A couple of years ago, I barely followed any filmmakers or photographers on Instagram. The reason being, I was constantly jealous. Every time I saw someone on social media that was doing better than me I was petty and resentful, critiquing their every shoot and saying in my head all the reasons I deserved their success more than them. In short, it wasn't exactly healthy for me and made me a version of myself I wasn't overly pleased with. Then I read the book Steal Like an Artist and everything changed. The book talks about learning from others and how no art is created in a void, you need inspiration from others to succeed. Okay, I thought, let's give this a try. From that point on I started following away. Anyone I wanted to be like I diligently followed and took mental and physical notes of my findings. Things I liked, things I didn't, styles I wanted to emulate, techniques I wanted to learn, etc. I was becoming the collaborative, welcoming artist I always wanted to be and I was happy.
But nothing lasts forever. Especially when it involves confidence in one's career. Slowly my collaborative spirit began to fall away and became replaced with a new feeling. Unlike the initial jealously that involved me sulking saying how I deserved their success, this new form of jealously had a self-loathing component. Rather than being jealous that someone else had been "discovered" instead of me, this new jealously relied on a pinch of self-hate. Why have they gotten recognized instead of me, easy, because they're better than me.
Now when I find myself on social media (which is often) I am in a constant battle. While my peppy collaborative, inspired self is still present (seriously, I'm so inspired by the wonderful humans I follow), I worry about that pesky dark side. Somewhere amongst the inspiration, there is always a part of me that leaves social media full of sadness and self-hate. Why are they doing such incredible things? She's HOW old? What am I doing wrong? Is it just because I'm not good enough? These questions, I know, are futile. I will never have my answers. And if I did they would likely be, these people are not better than me and I am not doing anything wrong.... they are just people who work hard and got their "big break." It's nothing personal.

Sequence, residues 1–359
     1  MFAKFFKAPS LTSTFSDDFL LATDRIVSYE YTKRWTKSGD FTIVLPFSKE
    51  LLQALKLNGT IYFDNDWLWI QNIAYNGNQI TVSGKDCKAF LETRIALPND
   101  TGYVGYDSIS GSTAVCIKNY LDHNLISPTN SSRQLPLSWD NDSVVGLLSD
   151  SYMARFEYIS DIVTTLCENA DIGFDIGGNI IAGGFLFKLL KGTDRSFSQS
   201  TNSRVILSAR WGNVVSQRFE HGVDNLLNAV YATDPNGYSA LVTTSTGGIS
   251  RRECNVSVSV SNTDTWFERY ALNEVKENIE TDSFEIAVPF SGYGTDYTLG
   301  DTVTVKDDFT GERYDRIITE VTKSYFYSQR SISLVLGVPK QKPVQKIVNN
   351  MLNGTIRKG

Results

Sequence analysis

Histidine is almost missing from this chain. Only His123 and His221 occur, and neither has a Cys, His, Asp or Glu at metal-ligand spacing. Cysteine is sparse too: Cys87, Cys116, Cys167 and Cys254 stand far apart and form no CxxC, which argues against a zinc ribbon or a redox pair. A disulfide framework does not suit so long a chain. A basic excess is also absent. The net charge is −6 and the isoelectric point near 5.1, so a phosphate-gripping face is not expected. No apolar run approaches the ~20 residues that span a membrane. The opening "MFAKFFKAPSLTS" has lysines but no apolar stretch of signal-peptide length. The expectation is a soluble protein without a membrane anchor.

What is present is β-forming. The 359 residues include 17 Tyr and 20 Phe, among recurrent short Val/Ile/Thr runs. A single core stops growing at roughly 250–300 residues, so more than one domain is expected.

I fear that it's all a cycle... I feel bad about myself, I mope around, I go back on my phone, scroll, repeat. But that will not make me better. What would make me better is to delete all my apps and to go out into the world and create stuff. Not only then am I avoiding the gross, useless feelings but I am also improving in my career, which is the whole point of all of this anyways. And sure, in theory this recluse, art-focused life sounds like the ideal solution and yet, it's not. Collaboration is essential to success in this field and also jealously just isn't a good look. I don't want to be someone who is so self-conscious in my work that I have to hide from everyone who makes me feel bad about myself.
So where is my middle ground?
I wish I could end this blog post with an answer, but the truth is, I'm not sure of what the answer is. I know that the solution is out there, the right amount of confidence and humility essential to have a creative career, but I am not sure exactly where to find it. I think though, that it starts with doing what makes you happy. If you're happy, you'll likely be happy for other happy people. Maybe you'll still be jealous of their success, but at least you're enjoying your (hopefully temporary) failure. And maybe you'll realize that what you view as a failure is what some other people view as the ultimate success. Remember, while you scroll through Instagram feeling terrible looking at everyone else's great life, someone might be doing the same thing looking at yours. And maybe a little bit of jealously is a good thing, it keeps you moving and motivated. If you suddenly had it all, what would you have to work for?